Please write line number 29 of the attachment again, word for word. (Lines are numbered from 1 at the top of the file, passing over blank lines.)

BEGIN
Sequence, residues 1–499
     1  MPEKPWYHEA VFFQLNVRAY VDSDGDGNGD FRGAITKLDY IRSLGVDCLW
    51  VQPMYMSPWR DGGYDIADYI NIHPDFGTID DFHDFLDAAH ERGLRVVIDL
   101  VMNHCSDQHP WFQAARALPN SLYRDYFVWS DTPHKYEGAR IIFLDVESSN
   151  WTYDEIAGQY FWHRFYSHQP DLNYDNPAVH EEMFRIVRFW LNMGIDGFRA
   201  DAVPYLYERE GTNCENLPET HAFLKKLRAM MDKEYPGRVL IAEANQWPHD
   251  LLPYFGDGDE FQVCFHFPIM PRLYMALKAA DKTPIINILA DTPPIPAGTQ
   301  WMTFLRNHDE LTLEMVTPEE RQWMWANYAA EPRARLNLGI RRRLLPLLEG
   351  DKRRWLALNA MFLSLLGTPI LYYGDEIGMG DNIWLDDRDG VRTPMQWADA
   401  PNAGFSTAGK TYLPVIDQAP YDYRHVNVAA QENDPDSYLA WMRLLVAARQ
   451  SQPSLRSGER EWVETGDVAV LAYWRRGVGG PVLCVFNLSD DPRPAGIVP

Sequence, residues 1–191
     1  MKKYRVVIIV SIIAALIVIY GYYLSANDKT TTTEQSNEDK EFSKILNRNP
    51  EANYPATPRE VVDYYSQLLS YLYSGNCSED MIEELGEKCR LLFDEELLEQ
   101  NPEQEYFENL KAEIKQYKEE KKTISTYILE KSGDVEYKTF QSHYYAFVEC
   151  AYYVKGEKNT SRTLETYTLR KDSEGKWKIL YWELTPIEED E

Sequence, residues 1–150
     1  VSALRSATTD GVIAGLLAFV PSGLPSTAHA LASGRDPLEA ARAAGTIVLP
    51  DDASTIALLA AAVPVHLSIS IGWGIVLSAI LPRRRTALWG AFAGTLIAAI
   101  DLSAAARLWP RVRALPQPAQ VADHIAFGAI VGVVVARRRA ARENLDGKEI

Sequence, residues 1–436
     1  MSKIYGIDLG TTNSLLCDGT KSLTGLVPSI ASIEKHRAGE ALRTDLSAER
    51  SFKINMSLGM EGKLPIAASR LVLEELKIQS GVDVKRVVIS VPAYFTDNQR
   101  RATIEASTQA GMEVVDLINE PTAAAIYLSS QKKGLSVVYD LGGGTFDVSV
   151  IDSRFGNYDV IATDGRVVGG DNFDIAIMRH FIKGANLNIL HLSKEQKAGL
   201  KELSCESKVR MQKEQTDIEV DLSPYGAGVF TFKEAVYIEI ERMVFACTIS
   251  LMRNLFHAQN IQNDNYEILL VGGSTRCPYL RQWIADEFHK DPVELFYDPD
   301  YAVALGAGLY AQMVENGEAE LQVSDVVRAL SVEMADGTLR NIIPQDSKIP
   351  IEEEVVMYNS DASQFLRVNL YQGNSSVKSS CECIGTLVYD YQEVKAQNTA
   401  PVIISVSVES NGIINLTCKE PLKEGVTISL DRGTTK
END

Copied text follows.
   351  IEEEVVMYNS DASQFLRVNL YQGNSSVKSS CECIGTLVYD YQEVKAQNTA